Obituary: John Miller (1941-2020)

RIP to John Miller, who won a World Series championship with the 1966 Orioles before shoulder injuries brought his career to an early end. He also worked for nearly three decades in the Baltimore Fire Department. Miller died on June 5 from congestive heart failure at Carroll Hospital in Winchester, Md. He had recently celebrated his 79th birthday. Miller pitched for the Baltimore Orioles from 1962-63 and 1965-67.

John Miller was born in Baltimore on May 30, 1941. He was 12 years old when the Baltimore Orioles, formerly the St. Louis Browns, came to town. According to his obituary in the Baltimore Sun, he was part of the crowd of 350,000 people who attended the parade welcoming the Orioles at the start of the 1954 season. Six years later, he signed with them.

Before that could happen, he had to get through school. Miller attended Edmondson High School in Baltimore and played high school ball there. He wanted to be an outfielder, but the Orioles scout Walter Youse liked his arm and felt he could be a pitcher. Miller also pitched for Leone’s, an amateur team that Youse managed for almost 50 years. Over two seasons, he had a 34-3 record and struck out 161 batters in 117 innings in 1960. The team played at an annual sandlot baseball tournament in Johnstown, Pa., and Miller led all pitchers in strikeouts. It was a good thing he did so well there, too. A sore arm in his senior year of high school caused him to pitch so badly that his career almost ended before it had a chance to start.

Miller signed with the Orioles on September 10, 1960. He rocketed through the minor league fairly quickly, along with a host of other young and talented pitchers in the team’s system. In 1961, Miller won 6 games and lost 7 with a fine 2.43 ERA for the Class-B Fox Cities Foxes. He made a handful of appearances in the AA Texas League at the end of the season. He also was summoned by Orioles manager Paul Richards to face the Los Angeles Dodgers at the Hall of Fame Game in Cooperstown. He was turning some heads in the organization.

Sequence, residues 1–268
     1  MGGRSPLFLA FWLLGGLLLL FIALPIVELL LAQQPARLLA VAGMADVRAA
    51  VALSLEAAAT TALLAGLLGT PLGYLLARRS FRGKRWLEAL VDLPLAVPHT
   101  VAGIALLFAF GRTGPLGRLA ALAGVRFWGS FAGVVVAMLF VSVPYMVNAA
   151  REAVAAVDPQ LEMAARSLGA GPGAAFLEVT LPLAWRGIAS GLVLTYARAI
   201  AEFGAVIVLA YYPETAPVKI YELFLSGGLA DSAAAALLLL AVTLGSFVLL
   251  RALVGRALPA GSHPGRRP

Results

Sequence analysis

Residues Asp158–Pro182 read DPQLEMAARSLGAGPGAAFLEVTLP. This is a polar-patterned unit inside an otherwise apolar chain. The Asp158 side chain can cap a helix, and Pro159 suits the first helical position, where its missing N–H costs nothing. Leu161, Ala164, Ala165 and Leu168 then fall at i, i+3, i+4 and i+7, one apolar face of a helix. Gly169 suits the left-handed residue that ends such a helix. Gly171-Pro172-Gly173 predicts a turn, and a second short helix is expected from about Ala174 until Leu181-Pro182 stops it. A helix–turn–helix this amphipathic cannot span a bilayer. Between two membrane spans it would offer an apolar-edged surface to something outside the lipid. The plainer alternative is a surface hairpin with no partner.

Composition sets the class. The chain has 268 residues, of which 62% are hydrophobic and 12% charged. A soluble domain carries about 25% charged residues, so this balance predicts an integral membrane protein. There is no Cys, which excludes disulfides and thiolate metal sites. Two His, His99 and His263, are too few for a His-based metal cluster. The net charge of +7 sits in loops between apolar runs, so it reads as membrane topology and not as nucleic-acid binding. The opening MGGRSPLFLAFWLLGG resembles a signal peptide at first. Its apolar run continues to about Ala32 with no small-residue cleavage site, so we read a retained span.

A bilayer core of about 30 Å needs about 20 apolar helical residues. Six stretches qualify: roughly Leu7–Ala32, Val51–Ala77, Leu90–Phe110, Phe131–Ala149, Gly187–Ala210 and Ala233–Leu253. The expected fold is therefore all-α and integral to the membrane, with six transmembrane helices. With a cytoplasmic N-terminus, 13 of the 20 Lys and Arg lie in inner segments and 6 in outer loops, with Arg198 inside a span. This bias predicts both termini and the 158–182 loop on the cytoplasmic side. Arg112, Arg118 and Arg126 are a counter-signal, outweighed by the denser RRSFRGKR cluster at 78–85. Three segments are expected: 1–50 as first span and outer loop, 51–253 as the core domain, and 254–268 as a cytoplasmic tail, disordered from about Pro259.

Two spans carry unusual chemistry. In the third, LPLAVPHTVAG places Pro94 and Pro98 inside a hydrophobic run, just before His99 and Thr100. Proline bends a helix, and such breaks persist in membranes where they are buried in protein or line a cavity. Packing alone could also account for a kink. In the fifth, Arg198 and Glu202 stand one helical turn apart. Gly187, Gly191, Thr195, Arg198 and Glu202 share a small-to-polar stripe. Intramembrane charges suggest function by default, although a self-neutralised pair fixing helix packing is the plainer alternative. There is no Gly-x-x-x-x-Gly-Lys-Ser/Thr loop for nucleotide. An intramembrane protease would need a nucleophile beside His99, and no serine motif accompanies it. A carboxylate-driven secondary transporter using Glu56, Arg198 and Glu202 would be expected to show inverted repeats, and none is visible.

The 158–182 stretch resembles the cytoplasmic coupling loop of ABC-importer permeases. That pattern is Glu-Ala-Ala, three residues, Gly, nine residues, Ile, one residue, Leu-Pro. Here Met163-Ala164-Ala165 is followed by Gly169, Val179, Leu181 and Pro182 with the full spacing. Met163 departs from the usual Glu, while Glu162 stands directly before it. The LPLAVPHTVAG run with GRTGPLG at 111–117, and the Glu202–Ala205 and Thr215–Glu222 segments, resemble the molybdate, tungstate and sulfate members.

“Miller’s a quiet boy, but he has a lot of poise and confidence. You’d be surprised how much he knows about pitching for a kid,” said Earl Weaver, who managed Miller in his first instructional league. He recalled an instance where he brought the pitcher into a game with the bases loaded and nobody out. “He wasn’t shaking a bit. He just took the ball out of my hand and started throwing strikes. And he had good stuff, too.”

Miller split 1962 between Class-A Elmira and AAA Rochester, making a total of 14 appearances. It’s possible his shoulder was starting to bother him even then, which would account for the limited playing team.

Source: The Baltimore Sun, April 23, 1966.

Baltimore brought Miller to the majors in late September, along with fellow pitching prospect Dave McNally. Miller’s first appearance came on September 22 in Baltimore, against the Minnesota Twins. Starter Milt Pappas departed after 2 innings, having allowed a 3-run homer to Harmon Killebrew in the first. Wes Stock worked a scoreless inning, and Miller entered the game down 3-1. He walked the first batter he faced, Bob Allison, on four pitches, but he was erased on a caught stealing attempt. Miller got of that inning by fanning Earl Battery and Zoilo Versalles and worked two more innings of shutout ball. He walked 3 batters but didn’t allow a base hit. Two of those walks came after he bunted a ball off his own foot, leaving a bruise that affected his pitching mechanics. Meanwhile, the Orioles scored 3 runs in the bottom of the sixth with home runs by Jim Gentile and Dave Nicholson, and Dick Hall worked the final 3 innings for his 6th save. Not a bad debut for Miller — three hitless innings and his first major-league win.

“I was aiming the ball,” he said of that four-pitch walk that kicked off his career. “After I walked Allison, I threw one hard ball to Battey. After I got started, I felt better.”

Miller’s last game of the year was almost as good, though he was tagged with his first loss. He threw 7 innings of 2-hit ball against the Twins on September 30, losing 1-0. That left him with a 1-1 record and 0.90 ERA in the majors, and he was contender for a pitching job with the Orioles in 1963.